Russian revanchism is a repeated concern for the governments of many of the Central and Eastern European states. For these countries, membership in western organizations including the European Union and NATO offers economic benefits, but comes with the risk that moving too far away from alliance with Russia will provoke some sort of aggressive response from the government of Vladimir Putin. On Wednesday, leaders from Lithuania, Ukraine, Georgia, and Moldova spoke to reporters and lawmakers at an event hosted by the American Foreign Policy Council, emphasizing the role that European energy security plays in global security and reiterating the need to both stop the Nord Stream 2 project and to promote the use of American energy and technology.
“Putin’s action is not limited to his aggression or use of military force. Russia’s sophisticated use of information warfare including cyberattacks is well know. Vladimir Putin also uses Russia’s energy supplies as a weapon against neighboring states. Nord Stream 2 is a political project that will increase Europe’s reliance on Russia,” said American Foreign Policy Council President Herman Pirchner.
The Nord Stream 2 pipeline is a proposed project that would bring natural gas from Russia through the EU to Germany. For the countries whose leaders spoke on Wednesday, the pipeline is far more than an infrastructure project. Construction of the pipeline would provide Russia with additional leverage over European countries, they warned.
“Nord Stream 2 is one of the elements of energy weapons used by Russia against the world,” said Ukrainian parliamentary chairman Andriy Parubiy, who spoke through an interpreter.
The importance of energy security is not lost on Ukraine, where Russia has used its control over the energy markets to enact political concessions. On two occasions in recent memory, Russia halted gas shipments to Ukraine in the middle of a winter cold snap until the government there agreed to price increases and political concessions.
“Ukraine knows for sure that gas supplies, for Russia, are not about the economy. For Russia natural gas, first of all, is a mechanism for political influence,” Parubiy continued.
While some analysts have questioned America’s involvement in the region, saying that it has provoked Russian revanchism, the leaders repeatedly expressed their desire to work with both the U.S. government and American businesses to expand their sources of energy. Allowing Russia to have a monopoly over energy supplies gives the Russian government a worrying amount of control over neighboring countries, the leaders emphasized.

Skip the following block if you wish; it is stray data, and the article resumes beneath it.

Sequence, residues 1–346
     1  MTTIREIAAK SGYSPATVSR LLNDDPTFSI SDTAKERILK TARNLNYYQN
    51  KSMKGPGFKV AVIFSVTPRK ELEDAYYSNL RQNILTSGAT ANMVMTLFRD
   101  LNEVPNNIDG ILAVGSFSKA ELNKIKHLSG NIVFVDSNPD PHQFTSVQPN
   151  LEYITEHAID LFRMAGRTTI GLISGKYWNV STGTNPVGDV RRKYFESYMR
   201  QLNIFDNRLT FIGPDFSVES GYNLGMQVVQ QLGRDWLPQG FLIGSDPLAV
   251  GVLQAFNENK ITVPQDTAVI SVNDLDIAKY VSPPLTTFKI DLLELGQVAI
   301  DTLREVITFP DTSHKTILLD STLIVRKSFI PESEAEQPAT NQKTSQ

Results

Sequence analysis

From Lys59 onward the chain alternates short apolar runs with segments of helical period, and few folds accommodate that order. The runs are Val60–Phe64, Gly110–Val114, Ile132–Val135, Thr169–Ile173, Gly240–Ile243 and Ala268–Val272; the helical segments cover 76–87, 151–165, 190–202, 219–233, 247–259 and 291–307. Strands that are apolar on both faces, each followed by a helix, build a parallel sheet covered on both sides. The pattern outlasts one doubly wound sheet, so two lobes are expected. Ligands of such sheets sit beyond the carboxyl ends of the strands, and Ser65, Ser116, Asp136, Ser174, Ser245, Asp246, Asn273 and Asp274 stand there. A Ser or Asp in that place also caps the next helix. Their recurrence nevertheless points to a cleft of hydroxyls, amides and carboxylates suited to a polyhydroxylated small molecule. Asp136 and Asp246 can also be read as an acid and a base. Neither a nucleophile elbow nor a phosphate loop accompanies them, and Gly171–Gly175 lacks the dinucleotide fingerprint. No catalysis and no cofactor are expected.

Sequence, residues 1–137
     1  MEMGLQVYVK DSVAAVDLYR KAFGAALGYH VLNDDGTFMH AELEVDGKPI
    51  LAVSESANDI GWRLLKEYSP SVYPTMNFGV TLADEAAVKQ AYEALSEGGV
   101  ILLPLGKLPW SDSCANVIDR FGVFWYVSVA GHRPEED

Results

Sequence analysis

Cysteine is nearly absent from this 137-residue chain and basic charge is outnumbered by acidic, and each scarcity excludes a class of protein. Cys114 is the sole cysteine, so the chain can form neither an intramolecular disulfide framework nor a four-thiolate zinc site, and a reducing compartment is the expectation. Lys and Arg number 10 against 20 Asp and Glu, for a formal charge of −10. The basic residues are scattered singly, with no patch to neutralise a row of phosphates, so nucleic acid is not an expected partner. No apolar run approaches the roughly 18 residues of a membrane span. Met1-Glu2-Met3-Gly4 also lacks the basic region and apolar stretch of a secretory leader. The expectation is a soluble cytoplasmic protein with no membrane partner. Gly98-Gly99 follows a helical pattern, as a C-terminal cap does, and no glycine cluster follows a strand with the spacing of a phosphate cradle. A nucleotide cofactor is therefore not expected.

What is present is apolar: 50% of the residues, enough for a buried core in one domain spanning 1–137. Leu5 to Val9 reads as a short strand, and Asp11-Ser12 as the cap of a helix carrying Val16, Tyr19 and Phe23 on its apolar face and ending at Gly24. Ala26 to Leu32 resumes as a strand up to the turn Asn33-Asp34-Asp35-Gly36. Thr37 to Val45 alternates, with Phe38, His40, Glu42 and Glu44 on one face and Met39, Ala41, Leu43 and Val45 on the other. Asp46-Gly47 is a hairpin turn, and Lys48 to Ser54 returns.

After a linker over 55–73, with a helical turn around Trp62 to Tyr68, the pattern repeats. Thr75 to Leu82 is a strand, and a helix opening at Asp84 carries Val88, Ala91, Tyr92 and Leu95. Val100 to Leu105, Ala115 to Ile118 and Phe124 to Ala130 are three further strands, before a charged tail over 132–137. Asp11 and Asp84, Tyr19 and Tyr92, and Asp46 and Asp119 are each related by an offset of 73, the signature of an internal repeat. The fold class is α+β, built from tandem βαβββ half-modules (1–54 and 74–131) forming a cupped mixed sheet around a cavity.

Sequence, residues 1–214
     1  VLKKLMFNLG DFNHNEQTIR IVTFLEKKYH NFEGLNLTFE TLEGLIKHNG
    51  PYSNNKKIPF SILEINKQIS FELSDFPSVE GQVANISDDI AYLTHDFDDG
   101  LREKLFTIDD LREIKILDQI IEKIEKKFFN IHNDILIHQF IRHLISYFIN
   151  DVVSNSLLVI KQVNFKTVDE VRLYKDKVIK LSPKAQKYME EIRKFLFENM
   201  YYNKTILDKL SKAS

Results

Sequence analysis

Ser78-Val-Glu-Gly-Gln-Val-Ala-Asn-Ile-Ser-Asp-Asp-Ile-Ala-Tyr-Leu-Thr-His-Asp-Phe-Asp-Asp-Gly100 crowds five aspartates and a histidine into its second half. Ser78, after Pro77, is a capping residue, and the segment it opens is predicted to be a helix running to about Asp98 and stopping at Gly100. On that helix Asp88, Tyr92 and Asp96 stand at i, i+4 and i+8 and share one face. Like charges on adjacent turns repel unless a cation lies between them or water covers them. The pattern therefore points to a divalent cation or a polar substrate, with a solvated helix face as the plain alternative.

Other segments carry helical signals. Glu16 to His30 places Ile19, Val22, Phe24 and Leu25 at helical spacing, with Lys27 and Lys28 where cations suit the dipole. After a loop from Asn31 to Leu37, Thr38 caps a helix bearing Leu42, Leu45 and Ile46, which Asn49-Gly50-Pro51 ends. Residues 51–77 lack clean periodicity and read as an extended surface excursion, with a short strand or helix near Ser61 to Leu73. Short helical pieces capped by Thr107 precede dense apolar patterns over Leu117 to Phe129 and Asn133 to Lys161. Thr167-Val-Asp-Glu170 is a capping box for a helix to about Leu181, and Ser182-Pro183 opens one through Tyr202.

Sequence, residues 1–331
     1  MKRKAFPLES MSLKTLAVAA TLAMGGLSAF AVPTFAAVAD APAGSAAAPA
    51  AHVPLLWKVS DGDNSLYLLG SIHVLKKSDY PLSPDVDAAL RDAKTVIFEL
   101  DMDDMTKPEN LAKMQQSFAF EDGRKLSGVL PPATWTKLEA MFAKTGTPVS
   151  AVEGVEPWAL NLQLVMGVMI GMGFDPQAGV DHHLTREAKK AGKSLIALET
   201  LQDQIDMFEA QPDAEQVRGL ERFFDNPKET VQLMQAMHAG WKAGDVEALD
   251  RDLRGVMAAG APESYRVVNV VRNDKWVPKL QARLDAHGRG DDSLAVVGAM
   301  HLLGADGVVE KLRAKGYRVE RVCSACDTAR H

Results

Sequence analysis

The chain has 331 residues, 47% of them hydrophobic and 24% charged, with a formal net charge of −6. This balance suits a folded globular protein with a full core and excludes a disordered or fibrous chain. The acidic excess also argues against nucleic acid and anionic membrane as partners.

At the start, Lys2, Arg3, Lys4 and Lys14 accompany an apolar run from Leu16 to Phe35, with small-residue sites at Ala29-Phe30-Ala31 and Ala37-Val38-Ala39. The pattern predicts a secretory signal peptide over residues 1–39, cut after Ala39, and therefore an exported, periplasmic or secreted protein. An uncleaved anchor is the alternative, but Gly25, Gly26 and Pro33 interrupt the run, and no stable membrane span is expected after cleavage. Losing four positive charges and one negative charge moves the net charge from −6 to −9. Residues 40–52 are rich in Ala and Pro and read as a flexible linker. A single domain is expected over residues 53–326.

“Nord Stream 2 is a political, not an economic, project,” said Lithuanian Speaker of the Seimas Viktoras Pranckietis.
For Lithuania, constructing a gas terminal which allows it to recieve gas shipments from overseas was an important step in reducing its dependence on Gazprom and Russian energy. After completion of the terminal, natural gas prices fell by 30 percent. Last year, Lithuania received shipments of American natural gas for the first time, a sign that its dependence on Russian energy was further weakening.
When possible, Lithuania, Moldova, Ukraine, and Georgia are looking for ways to become energy secure through the development of domestic energy sources or through trade with neighboring countries. This offers an opportunity for American businesses, many of which have the technical expertise these countries need.
“It is very important that U.S. business comes to this part of the world,” said Pranckietis.
The Moldovan government agreed.
“In order to have independence, we look for solutions and we found a solution. Now we are starting the process of building a gas pipeline between Romania and Moldova, because Romania in three years will have enough gas to cover their needs and our needs,” said Andrian Candu, chairman of the Moldovan parliament.
The countries see energy security as a vital part of their independence and warn that construction of Nord Stream 2 provides Russia with additional money to fund expansionist actions abroad, while spreading corruption in Europe. The pipeline still awaits approval in Europe and the speakers urged the American government to throw its influence against the project.
“Mark my words, Nord Stream 2 will be stopped,” said Parubiy with confidence.